Straight Cash, Homie: Chris Johnson and 10 of the Most Overpaid NFL Players
The NFL, above everything, is a business, and players and their agents will negotiate as much as possible to get the most money from their perspective teams. Quite often, teams will overestimate a player's talent and overpay them.
No team ever wants to overpay any player, no matter where they are on the team's depth chart. Every year, there are talks of players that are being paid way too much for their production on the field, and this year is no different than any other in the past.
Matt Cassel replaced Tom Brady as the New England Patriots starting QB after Brady suffered a season-ending knee injury in 2008. Following the 2008 season, Matt Cassel was signed by the Kansas City Chiefs.
According to ESPN.com, Cassel's contract with Kansas City is worth $63 million ver six years ('09-'14).
The New England Patriots are a different football team than the Chiefs. New England is, and has been, one of the best teams in the NFL in the last decade. The Chiefs, to put it nicely, have not been able to accomplish all that New England has in that time.
The Chiefs overpaid Cassel, the former back-up QB, and his 39 turnovers (30 INT, 9 FUM) in 30 games as Kansas City's starting QB is all the explanation that's needed. Cassel has 17-19 as Kansas City's starting QB.
If only Reggie Bush was paid for his production in college. Wait...
Bush has certainly not lived up to his hype prior being drafted by the New Orleans Saints. According to ESPN.com, the Saints traded Reggie to the Miami Dolphins because they didn't want to pay him the $11.8M he was due on his last year of his rookie contract.
Bush agreed to a two-year contract with the Dolphins that paid him $10 million.
New Orleans realized Bush was overpaid, and pretty soon, Miami will realize that even $5 million is too much for the highly-touted RB out of USC.
Bush has rushed for just 232 yards in his first six games with Miami in 2011.
Back in 2009, the Washington Redskins signed Albert Haynesworth to a seven-year, $100M contract. Prior to the '11 season, Washington traded Haynesworth to the New England Patriots after he recorded just 53 tackles in 20 games over two years.
Haynesworth obviously didn't live up to the $100 million expectations Washington had, which makes him one of the most overpaid players in the league. The Patriots restructured Albert's contract, but he'll always be "that guy" who laughed his way to the bank every time he cashed a paycheck from the Redskins.
As if losing his starting job to Rex Grossman in 2010 wasn't enough, Donovan McNabb has lost his starting job as Minnesota Vikings QB to rookie Christian Ponder.
According to Yahoo.com, McNabb signed a one-year, $5.05 million contract prior to the '11 season. $5 million is far too much money for a QB to sit up on the bench.
I strongly believe McNabb will finally retire after this season.
I'm a big fan of Mike Vick's play on the field, but it takes guts to give a player a six-year, $100 million contract who's as injury prone as Vick is. The Philadelphia Eagles, apparently, had the guts to give Vick that deal.
Don't get me wrong, the dude has some talent, but he's only played all 16 regular season games once in his nine years in the NFL.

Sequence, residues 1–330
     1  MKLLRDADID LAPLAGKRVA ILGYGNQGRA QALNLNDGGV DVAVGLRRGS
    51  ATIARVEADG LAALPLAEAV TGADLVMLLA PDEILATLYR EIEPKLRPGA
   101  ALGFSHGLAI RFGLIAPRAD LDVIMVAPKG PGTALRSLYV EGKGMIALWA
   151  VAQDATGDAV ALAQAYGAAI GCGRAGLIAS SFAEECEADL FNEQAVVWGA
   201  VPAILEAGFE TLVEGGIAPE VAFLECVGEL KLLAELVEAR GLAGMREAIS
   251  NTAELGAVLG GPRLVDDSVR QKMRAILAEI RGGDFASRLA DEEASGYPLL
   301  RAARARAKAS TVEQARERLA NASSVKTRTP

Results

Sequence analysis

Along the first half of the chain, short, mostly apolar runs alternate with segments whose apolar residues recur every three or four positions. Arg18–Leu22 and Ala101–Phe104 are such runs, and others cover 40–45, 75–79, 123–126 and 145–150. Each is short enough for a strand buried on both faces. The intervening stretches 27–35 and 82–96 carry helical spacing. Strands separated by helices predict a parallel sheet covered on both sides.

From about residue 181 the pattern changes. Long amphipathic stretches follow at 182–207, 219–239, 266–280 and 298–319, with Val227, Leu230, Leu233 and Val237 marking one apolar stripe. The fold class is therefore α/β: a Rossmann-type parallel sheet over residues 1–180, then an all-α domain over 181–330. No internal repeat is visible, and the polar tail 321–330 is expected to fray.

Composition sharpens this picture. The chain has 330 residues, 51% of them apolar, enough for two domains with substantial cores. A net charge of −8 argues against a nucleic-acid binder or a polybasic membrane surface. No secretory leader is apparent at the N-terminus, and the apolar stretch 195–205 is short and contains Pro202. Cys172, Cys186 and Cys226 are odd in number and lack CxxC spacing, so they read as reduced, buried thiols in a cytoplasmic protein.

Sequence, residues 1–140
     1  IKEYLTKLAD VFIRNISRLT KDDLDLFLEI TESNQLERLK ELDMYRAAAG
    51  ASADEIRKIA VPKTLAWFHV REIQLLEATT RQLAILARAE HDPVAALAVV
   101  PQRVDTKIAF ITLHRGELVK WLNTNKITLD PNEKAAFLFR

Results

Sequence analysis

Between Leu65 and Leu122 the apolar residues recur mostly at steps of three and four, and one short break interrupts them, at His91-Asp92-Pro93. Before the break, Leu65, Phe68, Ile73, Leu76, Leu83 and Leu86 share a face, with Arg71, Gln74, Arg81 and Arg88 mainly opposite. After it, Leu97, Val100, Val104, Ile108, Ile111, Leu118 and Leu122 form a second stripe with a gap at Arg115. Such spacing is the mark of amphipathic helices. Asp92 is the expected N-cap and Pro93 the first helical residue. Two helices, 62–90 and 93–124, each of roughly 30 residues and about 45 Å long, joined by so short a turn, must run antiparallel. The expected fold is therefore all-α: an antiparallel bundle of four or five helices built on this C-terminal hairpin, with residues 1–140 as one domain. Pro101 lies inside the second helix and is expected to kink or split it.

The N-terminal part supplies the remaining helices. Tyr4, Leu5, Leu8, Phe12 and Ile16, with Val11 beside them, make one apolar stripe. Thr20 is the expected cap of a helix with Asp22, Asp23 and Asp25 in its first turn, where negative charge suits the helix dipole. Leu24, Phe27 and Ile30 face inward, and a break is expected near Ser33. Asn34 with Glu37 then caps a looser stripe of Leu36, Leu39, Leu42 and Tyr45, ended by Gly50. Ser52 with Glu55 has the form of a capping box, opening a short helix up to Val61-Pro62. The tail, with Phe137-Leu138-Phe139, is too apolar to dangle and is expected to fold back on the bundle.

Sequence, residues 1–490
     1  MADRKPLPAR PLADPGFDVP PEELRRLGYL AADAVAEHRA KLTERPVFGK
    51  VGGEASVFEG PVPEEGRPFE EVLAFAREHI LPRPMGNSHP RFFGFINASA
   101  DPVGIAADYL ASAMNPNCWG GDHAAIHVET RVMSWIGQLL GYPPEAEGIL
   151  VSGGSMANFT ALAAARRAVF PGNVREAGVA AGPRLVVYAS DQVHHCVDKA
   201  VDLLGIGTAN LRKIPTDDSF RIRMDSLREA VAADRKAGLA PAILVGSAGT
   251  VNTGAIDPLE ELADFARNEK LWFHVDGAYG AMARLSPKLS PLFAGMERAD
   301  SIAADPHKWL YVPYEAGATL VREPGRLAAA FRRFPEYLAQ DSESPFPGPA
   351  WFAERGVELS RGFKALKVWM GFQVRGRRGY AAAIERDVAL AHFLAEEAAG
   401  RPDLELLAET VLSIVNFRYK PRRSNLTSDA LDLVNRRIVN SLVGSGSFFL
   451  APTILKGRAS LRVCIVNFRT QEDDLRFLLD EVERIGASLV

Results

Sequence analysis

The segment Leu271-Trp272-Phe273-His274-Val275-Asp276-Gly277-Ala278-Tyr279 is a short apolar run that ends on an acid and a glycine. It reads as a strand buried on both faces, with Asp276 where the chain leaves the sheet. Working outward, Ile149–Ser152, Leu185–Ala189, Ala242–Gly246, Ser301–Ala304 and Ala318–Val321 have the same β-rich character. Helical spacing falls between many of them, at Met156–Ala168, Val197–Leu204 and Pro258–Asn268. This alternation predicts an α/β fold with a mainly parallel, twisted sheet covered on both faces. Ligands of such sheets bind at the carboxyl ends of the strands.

Vick definitely deserves big money, but nine figures is a big risk for someone who tends to get hurt.
The New York Jets drafted QB Mark Sanchez out of USC prior to the 2009 season, and Sanchez has been the starter ever since. The Jets must've really loved Sanchez coming out of college, because he was given a five-year, $50 million contract. Just over 14 of those $50 million are being given to Sanchez this year.
You know a player is overpaid when he is willing to restructure his contract for the good of the team, and that's exactly what Sanchez was willing to do prior to this season.
After Oakland Raiders QB Jason Campbell was ruled out for the remainder of the year, the Raiders traded a first-round pick in the 2012 draft and a second-round pick in the 2013 draft to the Cincinnati Bengals for former first overall pick Carson Palmer.
Yes, Palmer did take a pay cut when he arrived in Oakland, but he hasn't been in live game action since last year's regular season.
Combining Oakland's compensation to Cincinnati and Palmer's familiarity with the Raiders offense, I'd say that Palmer is overpaid.
Prior to the 2011 season, Tennessee Titans RB Chris Johnson was holding out until he received a new deal. He finally got that deal in August, when the Titans rewarded him with a four-year, $53 million contract.
CJ is definitely a playmaker, but ever since he was given that new contract, he's been ineffective on the field. Johnson is another guy laughing straight to the bank every time he gets his paycheck.
Kevin Kolb cashed in this past summer when the Arizona Cardinals decided to give the long-time back-up QB for the Eagles a five-year contract worth $64M.
Kolb has never proven himself to be a franchise quarterback due to the fact that he never had the opportunity to, but Arizona took a big risk in signing him. He's thrown as many touchdown passes (seven) as interceptions this season, in addition to his five fumbles.
The Cardinals have lost five straight games, and the team's 2011 record is currently 1-5.
I'd say Arizona overpaid for Kolb.
The Kansas City Chiefs drafted Glenn Dorsey fifth overall in the 2008 draft and rewarded him with a hefty five-year, $51 million contract.
The 300-pound DT from LSU has never had a standout season in his four years in the league, and he's never recorded more than two sacks in a year. I doubt he's complaining. He's getting paid.